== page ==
JAXA postpones launch of Hayabusa 2 spacecraft
The Japanese Aerospace Exploration Agency (JAXA ) has decided that the flight of their Hayabusa 2 spacecraft will have to wait a little longer before taking to the skies. JAXA had planned to launch the spacecraft atop the H-IIA Launch Vehicle No. 26 on Nov. 30 at 1:23 p.m. (Japan Standard Time) from Tanegashima Space Center in Japan. The cause for the delay was something spaceflight watchers across the globe – are well familiar with.
Clouds, that included a freezing layer which violated launch guidelines for the H-IIA booster, were detected, forcing mission planners to hold off conducting the flight. Weather conditions will be re-evaluated and the mission is now scheduled to take place no-earlier-than Dec. 1 (although this date appears to be tentative at best).
The Hayabusa 2 spacecraft is an asteroid hunter and its target is (162173) 1999 JU3. If everything goes according to plan, the probe should arrive at the Apollo asteroid in July of 2018. It will then spend a year-and-a-half surveying this leftover fragment of the solar system’s formation before departing in Dec. 2019 – with a planned return to Earth set for Dec. 2020.
Like the first Hayabusa mission as well as NASA’s Dawn spacecraft, Hayabusa 2 utilizes a relatively new technology, an ion drive. To allow the probe to travel to (162173) 1999 JU3, depart the asteroid and then return to Earth – it will employ not one – but two of these engines. Compared to its predecessor, Hayabusa 2 has enhanced navigation and guidance technology, new antennas, attitude control systems and more.
Hayabusa 2 weighs about 1,300 lbs (590 kg) and was constructed by NEC Corp. based out of Tokyo. In addition to the other high-tech devices on board, the craft will use a Ka-band communication system and an intermediate infrared camera.
“…asteroids are believed to have remained the same since the early stages of the solar system. There is even the theory that asteroids brought the materials necessary for the development of life to Earth,” said Hitoshi Kuninaka, Hayabusa 2’s project manager. “When it returns to Earth with samples, the data will help scientists examine this area of research closely – taking scientific knowledge to a higher level.”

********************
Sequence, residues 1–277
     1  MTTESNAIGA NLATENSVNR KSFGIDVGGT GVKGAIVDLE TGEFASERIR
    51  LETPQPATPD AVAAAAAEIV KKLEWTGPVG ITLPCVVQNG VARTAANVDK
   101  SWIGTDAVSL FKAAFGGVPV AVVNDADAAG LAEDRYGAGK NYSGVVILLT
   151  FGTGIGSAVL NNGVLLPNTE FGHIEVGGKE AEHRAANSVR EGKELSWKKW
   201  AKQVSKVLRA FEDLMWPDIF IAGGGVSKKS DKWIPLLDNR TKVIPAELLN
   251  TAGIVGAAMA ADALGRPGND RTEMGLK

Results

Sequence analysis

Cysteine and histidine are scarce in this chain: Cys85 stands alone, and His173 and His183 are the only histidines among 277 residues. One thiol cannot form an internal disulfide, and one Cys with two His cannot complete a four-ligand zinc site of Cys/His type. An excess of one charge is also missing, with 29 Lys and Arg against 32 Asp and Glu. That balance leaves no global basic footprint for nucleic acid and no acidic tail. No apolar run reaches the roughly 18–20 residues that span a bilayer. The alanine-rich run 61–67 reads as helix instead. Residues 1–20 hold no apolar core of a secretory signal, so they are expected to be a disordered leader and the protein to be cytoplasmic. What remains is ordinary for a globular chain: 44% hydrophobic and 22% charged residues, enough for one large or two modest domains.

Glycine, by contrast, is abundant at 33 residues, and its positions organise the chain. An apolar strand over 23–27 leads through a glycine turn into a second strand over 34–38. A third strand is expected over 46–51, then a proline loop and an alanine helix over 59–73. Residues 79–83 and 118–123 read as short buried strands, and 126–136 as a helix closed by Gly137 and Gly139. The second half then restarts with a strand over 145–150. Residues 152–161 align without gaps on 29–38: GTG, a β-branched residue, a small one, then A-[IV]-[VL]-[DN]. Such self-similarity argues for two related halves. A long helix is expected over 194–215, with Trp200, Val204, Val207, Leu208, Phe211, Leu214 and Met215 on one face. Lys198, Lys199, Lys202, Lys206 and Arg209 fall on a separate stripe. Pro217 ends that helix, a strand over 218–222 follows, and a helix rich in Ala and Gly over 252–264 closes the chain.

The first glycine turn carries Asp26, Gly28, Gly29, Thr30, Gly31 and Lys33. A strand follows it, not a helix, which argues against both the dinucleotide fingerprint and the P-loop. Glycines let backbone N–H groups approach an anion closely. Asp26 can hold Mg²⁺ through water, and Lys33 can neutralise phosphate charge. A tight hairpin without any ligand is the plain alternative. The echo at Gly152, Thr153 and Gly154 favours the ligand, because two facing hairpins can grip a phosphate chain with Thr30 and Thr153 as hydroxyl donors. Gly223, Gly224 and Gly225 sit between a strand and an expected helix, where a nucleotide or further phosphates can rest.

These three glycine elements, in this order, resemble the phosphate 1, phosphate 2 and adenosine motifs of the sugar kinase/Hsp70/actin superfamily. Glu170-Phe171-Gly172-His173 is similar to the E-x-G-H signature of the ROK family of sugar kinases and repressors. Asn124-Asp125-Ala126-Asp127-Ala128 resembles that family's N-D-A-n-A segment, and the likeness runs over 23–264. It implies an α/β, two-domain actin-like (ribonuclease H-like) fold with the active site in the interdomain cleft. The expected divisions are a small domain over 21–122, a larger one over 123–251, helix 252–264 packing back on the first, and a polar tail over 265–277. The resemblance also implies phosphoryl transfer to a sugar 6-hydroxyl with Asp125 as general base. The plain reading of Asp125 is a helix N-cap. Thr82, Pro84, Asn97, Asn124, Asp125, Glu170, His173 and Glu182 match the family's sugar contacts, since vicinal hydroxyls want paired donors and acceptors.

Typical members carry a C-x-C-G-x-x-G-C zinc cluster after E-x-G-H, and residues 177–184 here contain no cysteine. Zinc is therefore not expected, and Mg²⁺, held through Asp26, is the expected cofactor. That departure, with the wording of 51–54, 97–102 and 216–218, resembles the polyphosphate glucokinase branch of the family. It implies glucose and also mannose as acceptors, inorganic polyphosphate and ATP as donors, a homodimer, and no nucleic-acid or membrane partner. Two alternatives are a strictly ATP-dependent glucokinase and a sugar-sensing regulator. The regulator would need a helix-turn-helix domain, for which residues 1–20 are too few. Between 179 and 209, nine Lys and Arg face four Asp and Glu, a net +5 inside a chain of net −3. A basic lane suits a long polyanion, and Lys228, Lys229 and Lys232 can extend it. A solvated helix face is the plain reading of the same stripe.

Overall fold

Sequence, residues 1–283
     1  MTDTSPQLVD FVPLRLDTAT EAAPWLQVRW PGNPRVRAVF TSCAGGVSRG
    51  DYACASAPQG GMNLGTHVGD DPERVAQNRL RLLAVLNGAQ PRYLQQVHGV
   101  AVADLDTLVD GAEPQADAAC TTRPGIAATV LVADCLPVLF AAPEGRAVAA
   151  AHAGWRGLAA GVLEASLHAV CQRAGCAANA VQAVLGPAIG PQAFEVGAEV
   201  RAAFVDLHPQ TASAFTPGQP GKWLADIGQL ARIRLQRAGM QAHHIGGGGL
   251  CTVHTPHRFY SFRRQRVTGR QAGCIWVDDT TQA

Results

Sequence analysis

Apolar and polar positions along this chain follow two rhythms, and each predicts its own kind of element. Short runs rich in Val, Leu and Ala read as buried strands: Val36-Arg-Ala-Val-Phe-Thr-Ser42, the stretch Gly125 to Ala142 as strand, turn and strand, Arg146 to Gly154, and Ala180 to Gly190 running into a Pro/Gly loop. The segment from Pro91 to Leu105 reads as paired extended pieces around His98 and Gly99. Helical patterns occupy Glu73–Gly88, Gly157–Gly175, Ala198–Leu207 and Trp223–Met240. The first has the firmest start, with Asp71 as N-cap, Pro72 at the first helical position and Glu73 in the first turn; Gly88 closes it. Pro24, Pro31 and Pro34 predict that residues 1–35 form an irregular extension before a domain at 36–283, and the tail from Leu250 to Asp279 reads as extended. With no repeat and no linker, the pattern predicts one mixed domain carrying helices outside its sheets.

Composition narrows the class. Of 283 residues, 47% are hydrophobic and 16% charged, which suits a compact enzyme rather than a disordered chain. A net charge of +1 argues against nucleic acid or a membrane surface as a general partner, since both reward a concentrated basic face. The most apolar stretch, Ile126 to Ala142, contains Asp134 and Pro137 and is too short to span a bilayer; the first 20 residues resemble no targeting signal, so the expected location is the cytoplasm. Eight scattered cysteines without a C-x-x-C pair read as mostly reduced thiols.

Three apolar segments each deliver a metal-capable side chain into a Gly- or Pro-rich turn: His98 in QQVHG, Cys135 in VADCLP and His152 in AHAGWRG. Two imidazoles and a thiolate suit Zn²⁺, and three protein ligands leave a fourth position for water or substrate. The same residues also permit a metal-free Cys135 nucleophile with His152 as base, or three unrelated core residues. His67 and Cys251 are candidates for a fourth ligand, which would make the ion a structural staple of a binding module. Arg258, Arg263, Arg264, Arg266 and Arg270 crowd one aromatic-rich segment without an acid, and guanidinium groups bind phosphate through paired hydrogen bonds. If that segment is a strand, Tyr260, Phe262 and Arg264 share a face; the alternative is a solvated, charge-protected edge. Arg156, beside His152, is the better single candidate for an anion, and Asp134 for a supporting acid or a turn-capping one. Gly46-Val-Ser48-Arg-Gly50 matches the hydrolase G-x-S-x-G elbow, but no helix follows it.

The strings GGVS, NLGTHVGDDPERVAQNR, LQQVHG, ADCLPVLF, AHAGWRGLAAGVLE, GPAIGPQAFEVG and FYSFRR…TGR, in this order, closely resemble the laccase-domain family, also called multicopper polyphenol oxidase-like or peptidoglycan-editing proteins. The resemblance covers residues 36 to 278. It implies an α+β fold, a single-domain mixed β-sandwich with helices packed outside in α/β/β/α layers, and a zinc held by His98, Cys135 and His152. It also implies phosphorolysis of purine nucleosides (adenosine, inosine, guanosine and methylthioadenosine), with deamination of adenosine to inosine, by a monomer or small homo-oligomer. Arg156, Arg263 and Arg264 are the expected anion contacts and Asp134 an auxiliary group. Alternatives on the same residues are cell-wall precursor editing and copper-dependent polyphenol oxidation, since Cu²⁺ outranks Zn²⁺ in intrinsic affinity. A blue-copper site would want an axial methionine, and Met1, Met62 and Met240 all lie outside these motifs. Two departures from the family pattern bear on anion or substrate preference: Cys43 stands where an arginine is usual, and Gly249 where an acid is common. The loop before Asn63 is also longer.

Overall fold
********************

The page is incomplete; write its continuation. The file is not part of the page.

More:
When it reaches its destination, the craft will conduct similar operations as the first Hayabusa craft – with one notable exception. Hayabusa 2 comes equipped with an explosive device. It will use it to liberate a sample of the asteroid – for return to Earth (Hayabusa only collected small grains from the Itokawa asteroid).
Japan’s Space Activities Commission approved the flight of Hayabusa 2 in 2006 with the mission being announced by JAXA President Keji Tachikawa shortly thereafter. The cost of the mission cost an estimated $16.4 billion yen.
The launch vehicle for this mission, the H-IIA booster, is produced by Mitsubishi Heavy Industries (MHI).
The H-IIA is a liquid-fueled rocket that has been tapped for an array of missions. Lunar probes, expeditions to Venus and geostationary satellites – have all gotten their start atop the H-IIA.
The H-IIA employs two solid rocket boosters on its first stage. These work alongside a single LE-7A rocket engine, which burns liquid oxygen and liquid hydrogen, in its first stage. The LE-7A is capable of imparting some 246,840 lbf (1,098 kN) of thrust.
The booster first launched in 2001 and has taken flight 24 times in the intervening years. The rocket is derived from the H-II booster, with modifications designed to increase the launch vehicle’s reliability and to lower costs to ferry payloads to orbit. To date, the booster has a success rate similar to that of United Launch Alliance’s Atlas V (the H-IIA has a success rate of 95 percent and the Atlas V 96.4).
Jason Rhian spent several years honing his skills with internships at NASA, the National Space Society and other organizations. He has provided content for outlets such as: Aviation Week & Space Technology, Space.com, The Mars Society and Universe Today.